7. Hayek would have supported a carbon tax. (These 40 countries -- including China -- are pricing carbon)
  8. The blessings of Lake Malawi and Gash the river (Eritrea) are more obvious as they become more drained and diverted :(
  9. "Economics" is not about money as much as production choices in a large group
  10. "When the money gets big enough, finance and economics and politics are all the same thing. They are ways to measure risk."

20 Jun 2017

Leadership will prevail over censorship

This kid's going places...

Scam conflict diamonds

Speaking of India...



ps: I still am looking for someone who wants to run and "eco-diamond" business. PM me.

India's institutions are failing its people

Institutions are the "rules of the game" -- the formal rules and informal norms that can -- when strong -- enhance cooperation, defeat corruption, and contribute to prosperity and development.

One ready measure of "development" (or functional institutions) is the ready availability of safe drinking water and functioning sanitation.

In India, the institutions are weakened by corruption, caste-discrimination and bureaucratic indifference. To get an amazing insight into how dysfunction leads to failure, read this epic (17,000 word) investigation into the failing attempt to end "open defecation"

But not all Indians -- and very few politicians -- understand how failure occurs or who should get the blame. Read this piece on the scapegoating of Coke and Pepsi due to failures to manage groundwater, deliver drinking water or regulate pollution. Ask yourself how it might be possible for these companies to "destroy water security" in India, but not in many developed countries? The reason is that they are not the problem, but merely participants in India's failure.

Bottom Line: The Indian people need to go after their politicians and bureaucrats -- their fellow citizens -- if they are going to get safe water and the dignity of sanitation.

19 Jun 2017

Monday funnies

A very creative (violent? romantic?) story:

17 Jun 2017

Community is dying but nobody is watching

(Originally sent to my Aguanomics update mailing list)

It was about a decade ago that the iPhone and other "smart phones" came to the world. Little did we know that they would turn numerous people into zombies staring, swiping and liking whatever was "fed" to them by apps, websites and the like.

I grew up in the pre-internet era when TV had 3-5 channels, most people read the local paper, and buses and sidewalks were occupied by people who looked at each other. Although the internet (and related media) have brought us a deluge of content that's just right for me, that same freedom of choice has made it easier to forget what might be right (or useful) for others or society.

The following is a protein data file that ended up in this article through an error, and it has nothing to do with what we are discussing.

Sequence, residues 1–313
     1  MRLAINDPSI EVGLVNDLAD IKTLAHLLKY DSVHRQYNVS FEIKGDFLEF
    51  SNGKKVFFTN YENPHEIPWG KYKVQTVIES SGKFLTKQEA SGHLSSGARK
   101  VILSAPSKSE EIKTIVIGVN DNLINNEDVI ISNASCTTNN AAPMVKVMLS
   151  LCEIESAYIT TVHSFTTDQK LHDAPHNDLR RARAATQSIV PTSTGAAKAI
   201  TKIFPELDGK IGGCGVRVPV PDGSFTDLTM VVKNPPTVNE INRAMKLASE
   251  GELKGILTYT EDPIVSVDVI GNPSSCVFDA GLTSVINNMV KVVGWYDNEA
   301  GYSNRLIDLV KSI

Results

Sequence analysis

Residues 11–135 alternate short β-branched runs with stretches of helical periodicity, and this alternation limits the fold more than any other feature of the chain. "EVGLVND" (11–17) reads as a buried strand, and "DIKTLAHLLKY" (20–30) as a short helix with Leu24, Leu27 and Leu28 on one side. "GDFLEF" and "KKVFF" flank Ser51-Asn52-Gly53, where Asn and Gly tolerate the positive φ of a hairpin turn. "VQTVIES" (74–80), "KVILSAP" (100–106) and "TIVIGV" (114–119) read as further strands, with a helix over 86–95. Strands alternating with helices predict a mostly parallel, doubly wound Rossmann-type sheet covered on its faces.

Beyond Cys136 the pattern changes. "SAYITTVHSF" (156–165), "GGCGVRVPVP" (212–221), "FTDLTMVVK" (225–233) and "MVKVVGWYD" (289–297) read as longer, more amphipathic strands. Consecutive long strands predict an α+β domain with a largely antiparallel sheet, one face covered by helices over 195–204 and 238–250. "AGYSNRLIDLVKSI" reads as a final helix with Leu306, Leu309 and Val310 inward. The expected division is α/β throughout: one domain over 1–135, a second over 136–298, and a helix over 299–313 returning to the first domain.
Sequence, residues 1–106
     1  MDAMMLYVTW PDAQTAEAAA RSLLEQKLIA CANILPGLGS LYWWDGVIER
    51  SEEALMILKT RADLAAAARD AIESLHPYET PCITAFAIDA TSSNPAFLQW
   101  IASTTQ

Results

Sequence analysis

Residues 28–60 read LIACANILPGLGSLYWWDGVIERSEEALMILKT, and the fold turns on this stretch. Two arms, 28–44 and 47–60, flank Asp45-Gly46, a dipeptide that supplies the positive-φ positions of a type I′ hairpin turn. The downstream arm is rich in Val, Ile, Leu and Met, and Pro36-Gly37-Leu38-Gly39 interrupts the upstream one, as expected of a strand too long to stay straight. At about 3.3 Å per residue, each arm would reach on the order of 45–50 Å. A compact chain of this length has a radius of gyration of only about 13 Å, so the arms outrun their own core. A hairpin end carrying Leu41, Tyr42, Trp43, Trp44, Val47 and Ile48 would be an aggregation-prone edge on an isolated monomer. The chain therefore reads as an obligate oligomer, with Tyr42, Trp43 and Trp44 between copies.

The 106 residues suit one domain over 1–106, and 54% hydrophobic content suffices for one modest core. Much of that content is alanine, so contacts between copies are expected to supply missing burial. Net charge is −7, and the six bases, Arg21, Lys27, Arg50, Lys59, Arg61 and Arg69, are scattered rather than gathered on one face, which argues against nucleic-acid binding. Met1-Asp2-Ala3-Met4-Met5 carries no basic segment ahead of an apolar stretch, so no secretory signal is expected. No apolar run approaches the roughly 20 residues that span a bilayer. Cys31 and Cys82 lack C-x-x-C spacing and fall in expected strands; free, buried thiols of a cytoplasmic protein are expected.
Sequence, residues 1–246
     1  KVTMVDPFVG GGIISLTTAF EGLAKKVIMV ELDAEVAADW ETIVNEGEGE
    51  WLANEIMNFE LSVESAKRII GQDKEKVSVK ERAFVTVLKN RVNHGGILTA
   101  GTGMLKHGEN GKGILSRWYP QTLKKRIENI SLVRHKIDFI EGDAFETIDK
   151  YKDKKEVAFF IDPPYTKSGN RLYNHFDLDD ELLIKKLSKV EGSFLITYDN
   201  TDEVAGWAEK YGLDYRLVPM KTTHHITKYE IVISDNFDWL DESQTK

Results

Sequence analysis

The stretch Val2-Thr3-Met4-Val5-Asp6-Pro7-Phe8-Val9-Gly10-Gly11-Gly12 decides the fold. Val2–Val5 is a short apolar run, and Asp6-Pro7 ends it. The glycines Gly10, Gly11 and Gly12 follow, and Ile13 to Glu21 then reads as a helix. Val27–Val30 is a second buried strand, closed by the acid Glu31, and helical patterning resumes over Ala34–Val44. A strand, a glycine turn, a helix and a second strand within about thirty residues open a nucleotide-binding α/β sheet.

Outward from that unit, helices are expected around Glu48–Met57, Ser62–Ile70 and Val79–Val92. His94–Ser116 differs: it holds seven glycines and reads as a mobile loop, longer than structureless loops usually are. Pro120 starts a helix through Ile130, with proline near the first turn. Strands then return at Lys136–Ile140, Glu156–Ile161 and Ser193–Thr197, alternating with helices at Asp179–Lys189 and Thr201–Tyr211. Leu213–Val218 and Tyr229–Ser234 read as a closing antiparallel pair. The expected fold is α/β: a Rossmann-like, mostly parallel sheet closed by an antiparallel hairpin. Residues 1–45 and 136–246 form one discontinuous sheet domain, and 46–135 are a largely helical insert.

We've seen countries split into political factions claiming their own truths, pluralistic cultures dividing into "threatened" groups of Christians, Millennials or Blacks, and righteous groups forming around an endless circle-jerk of how special they are -- and others not.

These developments are changing us in slow and subtle, but serious ways: we are losing our communities.

I've blogged on these dynamics numerous times, have a paper "in press" on how people cooperate against a common enemy, and work hard to help our fledgling Leiden-University-College community work with its idealism and diversity.

Take a moment to look at your life. Do you have empathy sympathy for the people around you? To the point where you're happy to see your taxes help them, your work burdened (or assisted) by them, or your views resisted by them? Yes, it takes "two to tango," but social media and smart phones have made it ever easier to dance alone as "demands" -- including this newsletter -- fight for your attention.

I wouldn't mind losing my share of eyeballs if I knew that people were putting more time into their local community matters, but it seems that people are more isolated these days.

I have selfish reasons to say this -- as a public intellectual advertising new (sometimes uncomfortable) ideas, an entrepreneur asking others to support my climate-change projects, or as a teacher fighting students' addiction to "status updates" -- but I make these observations for all of us.

If there's one thing I've learned about sustainable communities, it's that connection is the key to success -- and survival.

I'd love to hear your thoughts on these ideas, but I also want your help:

Please consider contributing to the Life plus 2 meters Kickstarter, as that money will help me attract writers with diverse "visions" of life in a climate-changed world. I am crowdsourcing the money (and stories!) because I think these projects should be part of a community effort to understand and negotiate how we will live with each other. Check out volume 1 to get an idea of the diverse potential futures we may experience.

We're only $100 short of the $600 goal and there's about a week until the deadline. (If we go over, then I put more money into prizes :)

Please contribute here if you're in North America.

If you want to contribute outside of Kickstarter, then you can PayPal to dzetland@gmail.com, transfer € to NL80ABNA0518695174 or send Bitcoin to 19G1kvaqwKKoyJcqRXPPvBjPXrHTTKGaqY. Please add your name and email to any donations :)

This is a non-profit negative-profit endeavor -- here's the spreadsheet of expenses to date.

15 Jun 2017

Aswan High Dam as a high modern means of control

Alexander Lemons [email] wrote this paper [pdf] for his anthropology class while doing his Masters degree at Reed College.

I highly recommend it for its "non-engineered" take on the impacts of Aswan High Dam on Egyptian citizens.

Here's an excerpt: